They get absolutely stupid about construction waste around here.

Knurled. MegaDork
Jan. 14, 2018 7:06 a.m.
oldrotarydriver New Reader
Jan. 14, 2018 7:48 a.m.
Trans_Maro said:

According to the local dump, everything before 1991 has asbestos in it.

They get absolutely stupid about construction waste around here.

Asbestos, and lead.  Gods above, the lengths they go through around here about asbestos.  One guy around the corner has been trying for years to self-repair his exterior.  Tarpaper wrap around the sill plates, and hanging just above it... asbestos shingle siding.  He can't BY LAW touch the stuff to remove it without extreme measures, but if it falls free, then double-bag it and place it in the trash.

This 1930's dust trap of mine has wood cedar shake, which is nice, but white trim paint, which is serious lead hazard.  Try HEPA vacuuming a garden after scraping a post...  I'll wait.

 

spitfirebill UltimaDork
Jan. 14, 2018 8:15 a.m.
Trans_Maro said:

According to the local dump, everything before 1991 has asbestos in it.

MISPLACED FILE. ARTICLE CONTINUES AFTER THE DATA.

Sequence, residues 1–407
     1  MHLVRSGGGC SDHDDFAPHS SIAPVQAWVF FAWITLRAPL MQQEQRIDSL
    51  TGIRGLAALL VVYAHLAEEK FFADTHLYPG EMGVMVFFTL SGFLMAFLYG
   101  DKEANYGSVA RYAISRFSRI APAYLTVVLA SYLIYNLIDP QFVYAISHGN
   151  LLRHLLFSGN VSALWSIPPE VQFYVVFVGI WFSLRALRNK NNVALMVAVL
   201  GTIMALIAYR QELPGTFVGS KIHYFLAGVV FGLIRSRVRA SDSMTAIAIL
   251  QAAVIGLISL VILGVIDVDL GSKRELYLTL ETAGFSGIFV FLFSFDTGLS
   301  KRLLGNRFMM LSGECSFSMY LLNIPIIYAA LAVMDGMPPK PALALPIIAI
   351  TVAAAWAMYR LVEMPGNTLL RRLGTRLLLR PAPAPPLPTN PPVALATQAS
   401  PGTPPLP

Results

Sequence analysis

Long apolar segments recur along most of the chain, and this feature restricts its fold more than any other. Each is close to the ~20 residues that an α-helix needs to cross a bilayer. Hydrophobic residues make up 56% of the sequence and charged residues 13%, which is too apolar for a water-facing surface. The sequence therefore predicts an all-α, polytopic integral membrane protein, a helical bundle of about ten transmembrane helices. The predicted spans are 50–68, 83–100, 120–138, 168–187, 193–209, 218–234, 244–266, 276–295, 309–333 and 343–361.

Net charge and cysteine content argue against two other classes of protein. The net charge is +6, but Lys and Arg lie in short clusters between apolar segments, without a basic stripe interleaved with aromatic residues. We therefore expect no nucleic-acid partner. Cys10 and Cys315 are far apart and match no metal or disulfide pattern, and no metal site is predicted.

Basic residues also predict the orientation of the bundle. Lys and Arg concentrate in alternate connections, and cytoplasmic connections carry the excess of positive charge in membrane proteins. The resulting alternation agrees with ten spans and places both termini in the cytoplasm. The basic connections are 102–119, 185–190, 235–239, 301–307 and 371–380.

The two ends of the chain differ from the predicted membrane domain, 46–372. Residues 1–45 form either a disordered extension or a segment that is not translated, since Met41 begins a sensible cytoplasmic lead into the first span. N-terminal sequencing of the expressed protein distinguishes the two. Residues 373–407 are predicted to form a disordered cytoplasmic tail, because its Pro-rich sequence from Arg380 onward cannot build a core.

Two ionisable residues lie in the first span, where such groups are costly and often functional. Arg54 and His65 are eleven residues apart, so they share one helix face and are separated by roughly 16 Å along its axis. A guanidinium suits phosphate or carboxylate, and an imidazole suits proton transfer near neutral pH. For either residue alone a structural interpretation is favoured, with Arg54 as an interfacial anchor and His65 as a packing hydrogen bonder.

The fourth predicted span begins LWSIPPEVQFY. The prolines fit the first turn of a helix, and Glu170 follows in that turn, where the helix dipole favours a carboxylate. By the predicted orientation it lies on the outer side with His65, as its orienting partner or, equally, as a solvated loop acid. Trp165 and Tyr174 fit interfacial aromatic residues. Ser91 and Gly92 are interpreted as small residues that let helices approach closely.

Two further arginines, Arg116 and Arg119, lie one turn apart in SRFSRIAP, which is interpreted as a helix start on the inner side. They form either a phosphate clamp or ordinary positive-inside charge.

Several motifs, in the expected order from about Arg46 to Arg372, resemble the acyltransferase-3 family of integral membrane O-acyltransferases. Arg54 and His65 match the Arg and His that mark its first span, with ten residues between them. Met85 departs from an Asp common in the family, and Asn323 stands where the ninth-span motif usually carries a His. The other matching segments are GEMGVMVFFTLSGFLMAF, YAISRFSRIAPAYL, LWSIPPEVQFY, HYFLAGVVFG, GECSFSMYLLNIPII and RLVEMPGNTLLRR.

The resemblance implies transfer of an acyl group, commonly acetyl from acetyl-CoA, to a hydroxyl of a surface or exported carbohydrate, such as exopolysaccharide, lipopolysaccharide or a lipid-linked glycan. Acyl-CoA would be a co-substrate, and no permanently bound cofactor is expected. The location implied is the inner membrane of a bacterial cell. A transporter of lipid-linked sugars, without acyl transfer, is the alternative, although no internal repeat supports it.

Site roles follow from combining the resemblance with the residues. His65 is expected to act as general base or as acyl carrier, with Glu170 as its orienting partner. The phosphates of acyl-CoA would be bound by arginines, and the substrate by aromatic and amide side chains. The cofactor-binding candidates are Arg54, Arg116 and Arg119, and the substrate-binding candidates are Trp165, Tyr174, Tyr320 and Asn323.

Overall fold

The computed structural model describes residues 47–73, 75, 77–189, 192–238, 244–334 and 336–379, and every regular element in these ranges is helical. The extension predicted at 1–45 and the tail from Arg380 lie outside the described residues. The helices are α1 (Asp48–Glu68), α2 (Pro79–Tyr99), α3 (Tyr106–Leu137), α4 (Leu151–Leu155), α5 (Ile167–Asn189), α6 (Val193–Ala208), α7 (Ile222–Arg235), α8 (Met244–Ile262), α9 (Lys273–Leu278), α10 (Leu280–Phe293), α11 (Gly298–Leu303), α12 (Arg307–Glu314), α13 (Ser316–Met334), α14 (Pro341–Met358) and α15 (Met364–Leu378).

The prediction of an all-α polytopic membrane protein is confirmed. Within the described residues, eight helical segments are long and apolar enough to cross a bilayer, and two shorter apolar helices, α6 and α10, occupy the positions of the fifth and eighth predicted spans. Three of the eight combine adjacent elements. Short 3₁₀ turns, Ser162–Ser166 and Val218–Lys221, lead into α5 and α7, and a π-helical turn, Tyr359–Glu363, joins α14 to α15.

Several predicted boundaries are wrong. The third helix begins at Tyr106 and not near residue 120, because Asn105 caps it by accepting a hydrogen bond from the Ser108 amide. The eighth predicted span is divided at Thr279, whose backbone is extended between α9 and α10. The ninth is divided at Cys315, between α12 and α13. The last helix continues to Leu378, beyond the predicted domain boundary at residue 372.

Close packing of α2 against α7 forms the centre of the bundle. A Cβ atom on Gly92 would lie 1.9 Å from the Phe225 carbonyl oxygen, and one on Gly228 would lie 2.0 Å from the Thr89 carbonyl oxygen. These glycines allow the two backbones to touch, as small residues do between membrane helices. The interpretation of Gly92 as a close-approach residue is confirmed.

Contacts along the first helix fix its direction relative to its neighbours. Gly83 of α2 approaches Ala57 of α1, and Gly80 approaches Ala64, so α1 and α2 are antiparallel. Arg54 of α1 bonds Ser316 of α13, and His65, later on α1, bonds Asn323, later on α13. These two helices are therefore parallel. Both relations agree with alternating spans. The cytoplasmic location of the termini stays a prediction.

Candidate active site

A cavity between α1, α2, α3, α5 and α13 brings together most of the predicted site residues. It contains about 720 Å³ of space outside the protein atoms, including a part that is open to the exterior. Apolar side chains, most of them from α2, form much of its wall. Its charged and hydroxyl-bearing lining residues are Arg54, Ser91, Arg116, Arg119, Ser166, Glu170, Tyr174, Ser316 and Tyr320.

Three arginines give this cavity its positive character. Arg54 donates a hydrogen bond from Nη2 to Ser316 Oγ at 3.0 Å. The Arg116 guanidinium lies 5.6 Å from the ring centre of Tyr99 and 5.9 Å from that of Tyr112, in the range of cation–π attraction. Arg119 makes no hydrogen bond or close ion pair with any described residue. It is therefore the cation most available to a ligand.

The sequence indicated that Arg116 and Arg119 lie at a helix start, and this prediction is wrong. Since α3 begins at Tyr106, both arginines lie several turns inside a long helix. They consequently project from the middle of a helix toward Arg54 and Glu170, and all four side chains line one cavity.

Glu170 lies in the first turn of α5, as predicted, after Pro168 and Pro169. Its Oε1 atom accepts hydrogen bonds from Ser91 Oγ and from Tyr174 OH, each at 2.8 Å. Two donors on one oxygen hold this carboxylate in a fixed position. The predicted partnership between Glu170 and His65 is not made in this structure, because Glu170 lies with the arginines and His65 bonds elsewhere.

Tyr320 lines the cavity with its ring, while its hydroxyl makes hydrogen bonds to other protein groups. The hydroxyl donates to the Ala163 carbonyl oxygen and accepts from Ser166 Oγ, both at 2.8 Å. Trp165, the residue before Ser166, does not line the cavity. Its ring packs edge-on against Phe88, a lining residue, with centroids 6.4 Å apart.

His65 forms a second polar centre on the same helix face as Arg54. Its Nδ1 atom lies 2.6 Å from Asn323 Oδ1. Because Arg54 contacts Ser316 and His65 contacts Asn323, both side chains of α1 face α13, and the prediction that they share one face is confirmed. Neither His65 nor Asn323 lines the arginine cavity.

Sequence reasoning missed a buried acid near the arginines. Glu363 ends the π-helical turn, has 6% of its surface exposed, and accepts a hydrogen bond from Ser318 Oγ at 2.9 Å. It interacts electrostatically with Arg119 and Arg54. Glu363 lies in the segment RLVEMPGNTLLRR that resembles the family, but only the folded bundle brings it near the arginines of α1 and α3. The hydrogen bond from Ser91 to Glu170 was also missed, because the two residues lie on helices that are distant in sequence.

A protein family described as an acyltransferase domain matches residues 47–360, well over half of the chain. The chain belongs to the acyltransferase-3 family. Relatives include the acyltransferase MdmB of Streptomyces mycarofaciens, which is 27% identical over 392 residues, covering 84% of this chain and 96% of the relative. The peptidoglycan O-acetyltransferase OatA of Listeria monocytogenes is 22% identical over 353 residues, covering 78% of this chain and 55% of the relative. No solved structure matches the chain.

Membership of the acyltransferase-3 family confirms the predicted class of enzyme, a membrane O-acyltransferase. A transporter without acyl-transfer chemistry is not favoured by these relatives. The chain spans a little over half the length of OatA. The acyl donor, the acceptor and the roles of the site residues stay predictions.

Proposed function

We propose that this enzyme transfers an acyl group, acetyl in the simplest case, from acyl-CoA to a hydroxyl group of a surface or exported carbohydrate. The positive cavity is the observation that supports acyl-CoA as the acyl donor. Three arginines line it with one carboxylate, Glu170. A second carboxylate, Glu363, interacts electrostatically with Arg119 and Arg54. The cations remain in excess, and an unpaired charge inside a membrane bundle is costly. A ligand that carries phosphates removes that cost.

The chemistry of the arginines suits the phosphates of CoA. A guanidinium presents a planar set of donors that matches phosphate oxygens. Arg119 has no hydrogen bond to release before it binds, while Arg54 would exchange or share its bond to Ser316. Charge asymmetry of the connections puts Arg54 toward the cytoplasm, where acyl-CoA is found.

They get absolutely stupid about construction waste around here.

That’s because Canada produces so much asbestos.  

akamcfly Dork
Jan. 14, 2018 8:56 a.m.
spitfirebill said:

That’s because Canada produced so much asbestos.  

FTFY laugh

Canada used to be the world leader in production with the US being their top customer. Not so anymore for either country. 

spitfirebill UltimaDork
Jan. 14, 2018 9:53 a.m.
akamcfly said:
spitfirebill said:

That’s because Canada produced so much asbestos.  

FTFY laugh

Canada used to be the world leader in production with the US being their top customer. Not so anymore for either country. 

Maybe so, but when Bush l tried a total ban on asbestos, but the Canada baulked so hard it was dropped.  

 

A quick Google's indicates the last mine in CAnada closed in 2011 and asbestos will be banned there in 2018.  I wish we could do the same.

914Driver MegaDork
Jan. 14, 2018 10:07 a.m.

I can't help with removal, but if you have a wood stove or outside camp fire, lath makes excellent kindling.